By the mid-19th century, Perm’ was a commercial center, with a port on the Kama. In 1874 the Urals Railroad was extended through the city. Perm’ became a place of political exile, to which A. I. Herzen was sent in 1835 and V. G. Korolenko was exiled in 1880–81. Social Democratic groups arose in the 1890’s, and the Perm’ Committee of the RSDLP was organized in 1902. In October 1905 a soviet of workers’ deputies was formed at the Motovilikha Factory in a suburb of Perm’, and on December 12 and 13 an armed rebellion of the factory’s workers broke out. Soviet power was established in Perm’ on Nov. 23 (Dec. 6), 1917. On the night of Dec. 24–25, 1918, the city was seized by Kolchak’s troops. It was liberated as a result of the Perm’ Operation of 1918–19.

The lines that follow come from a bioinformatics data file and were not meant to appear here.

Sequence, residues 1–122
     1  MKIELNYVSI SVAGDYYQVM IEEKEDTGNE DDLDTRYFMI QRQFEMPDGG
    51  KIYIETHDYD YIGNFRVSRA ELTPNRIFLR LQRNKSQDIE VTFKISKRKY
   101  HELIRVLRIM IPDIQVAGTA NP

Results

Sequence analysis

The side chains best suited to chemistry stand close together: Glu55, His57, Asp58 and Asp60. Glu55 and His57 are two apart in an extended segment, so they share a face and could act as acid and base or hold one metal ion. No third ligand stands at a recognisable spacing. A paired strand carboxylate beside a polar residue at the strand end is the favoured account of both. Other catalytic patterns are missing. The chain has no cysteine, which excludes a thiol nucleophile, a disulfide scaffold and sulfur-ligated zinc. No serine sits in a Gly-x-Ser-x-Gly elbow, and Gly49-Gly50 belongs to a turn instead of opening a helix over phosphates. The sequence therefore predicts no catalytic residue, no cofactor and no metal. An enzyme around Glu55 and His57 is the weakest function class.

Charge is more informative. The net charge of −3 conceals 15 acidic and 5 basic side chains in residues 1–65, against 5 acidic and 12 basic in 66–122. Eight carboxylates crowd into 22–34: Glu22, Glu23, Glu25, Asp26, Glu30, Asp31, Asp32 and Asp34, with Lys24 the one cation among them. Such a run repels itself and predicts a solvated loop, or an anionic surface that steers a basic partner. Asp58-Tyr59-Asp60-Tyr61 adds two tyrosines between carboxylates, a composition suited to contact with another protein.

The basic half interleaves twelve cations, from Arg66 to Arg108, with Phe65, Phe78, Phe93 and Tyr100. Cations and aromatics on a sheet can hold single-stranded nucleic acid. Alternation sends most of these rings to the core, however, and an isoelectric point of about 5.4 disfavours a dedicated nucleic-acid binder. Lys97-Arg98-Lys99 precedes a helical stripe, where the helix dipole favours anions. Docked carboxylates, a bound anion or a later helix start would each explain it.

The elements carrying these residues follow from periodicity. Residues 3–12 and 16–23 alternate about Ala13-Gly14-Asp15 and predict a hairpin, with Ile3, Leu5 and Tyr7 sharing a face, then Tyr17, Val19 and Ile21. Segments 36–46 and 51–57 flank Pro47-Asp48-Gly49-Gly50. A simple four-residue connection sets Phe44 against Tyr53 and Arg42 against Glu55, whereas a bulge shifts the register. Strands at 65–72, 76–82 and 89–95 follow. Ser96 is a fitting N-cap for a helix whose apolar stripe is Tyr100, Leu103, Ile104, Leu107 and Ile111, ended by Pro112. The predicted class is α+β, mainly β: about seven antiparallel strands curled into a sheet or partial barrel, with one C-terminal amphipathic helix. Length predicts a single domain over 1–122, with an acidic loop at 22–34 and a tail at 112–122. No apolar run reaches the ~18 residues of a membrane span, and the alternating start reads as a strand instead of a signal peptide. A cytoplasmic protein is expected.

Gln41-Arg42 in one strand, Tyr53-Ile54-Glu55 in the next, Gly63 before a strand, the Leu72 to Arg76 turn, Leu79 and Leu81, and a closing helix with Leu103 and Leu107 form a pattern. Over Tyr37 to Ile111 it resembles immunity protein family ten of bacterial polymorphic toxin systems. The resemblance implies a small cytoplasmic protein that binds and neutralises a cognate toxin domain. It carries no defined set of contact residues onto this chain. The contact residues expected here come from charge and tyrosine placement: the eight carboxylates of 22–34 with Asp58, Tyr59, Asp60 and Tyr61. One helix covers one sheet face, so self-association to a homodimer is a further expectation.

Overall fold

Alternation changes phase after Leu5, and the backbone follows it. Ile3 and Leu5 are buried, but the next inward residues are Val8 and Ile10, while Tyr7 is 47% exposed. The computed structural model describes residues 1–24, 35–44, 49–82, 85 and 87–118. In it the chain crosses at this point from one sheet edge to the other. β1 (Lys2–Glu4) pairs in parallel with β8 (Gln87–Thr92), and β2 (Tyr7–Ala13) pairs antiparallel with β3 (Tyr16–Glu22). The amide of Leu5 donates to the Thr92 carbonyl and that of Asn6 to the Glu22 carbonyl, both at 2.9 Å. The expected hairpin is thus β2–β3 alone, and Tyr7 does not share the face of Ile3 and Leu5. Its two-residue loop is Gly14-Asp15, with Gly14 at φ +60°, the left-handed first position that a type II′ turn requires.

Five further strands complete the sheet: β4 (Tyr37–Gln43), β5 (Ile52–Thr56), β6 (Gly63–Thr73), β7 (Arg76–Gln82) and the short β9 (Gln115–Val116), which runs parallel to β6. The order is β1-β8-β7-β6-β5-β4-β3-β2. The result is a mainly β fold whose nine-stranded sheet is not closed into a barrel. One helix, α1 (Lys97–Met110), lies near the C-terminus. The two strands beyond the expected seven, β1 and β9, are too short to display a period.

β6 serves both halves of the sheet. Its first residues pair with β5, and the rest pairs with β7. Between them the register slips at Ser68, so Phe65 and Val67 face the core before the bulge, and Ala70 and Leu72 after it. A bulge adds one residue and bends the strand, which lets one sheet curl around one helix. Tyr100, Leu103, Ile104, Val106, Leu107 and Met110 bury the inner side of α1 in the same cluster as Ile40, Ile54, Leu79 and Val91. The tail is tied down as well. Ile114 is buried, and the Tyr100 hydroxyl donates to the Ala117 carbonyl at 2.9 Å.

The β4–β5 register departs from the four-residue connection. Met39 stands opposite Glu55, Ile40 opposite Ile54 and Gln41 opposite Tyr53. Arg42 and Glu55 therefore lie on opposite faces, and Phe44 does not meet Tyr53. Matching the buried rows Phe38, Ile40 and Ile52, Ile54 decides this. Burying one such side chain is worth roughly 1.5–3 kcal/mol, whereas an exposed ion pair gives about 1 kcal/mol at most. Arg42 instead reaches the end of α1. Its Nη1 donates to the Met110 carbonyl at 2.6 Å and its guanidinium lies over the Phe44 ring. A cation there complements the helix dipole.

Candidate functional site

The inventor of the radio, A. S. Popov, studied in Perm’ from 1873 to 1877, and the writer D. N. Mamin-Sibiriak studied there in the early 1880’s.

The city was awarded the Order of Lenin on Jan. 22, 1971.

Under Soviet power, Perm’ has become a major industrial center of the Soviet Union. Branches of heavy industry predominate, especially machine building, which produces equipment for the metallurgical, mining, and lumber industries, as well as electrical equipment, motors, machine tools, river vessels, and consumer goods, such as bicycles and phonographs.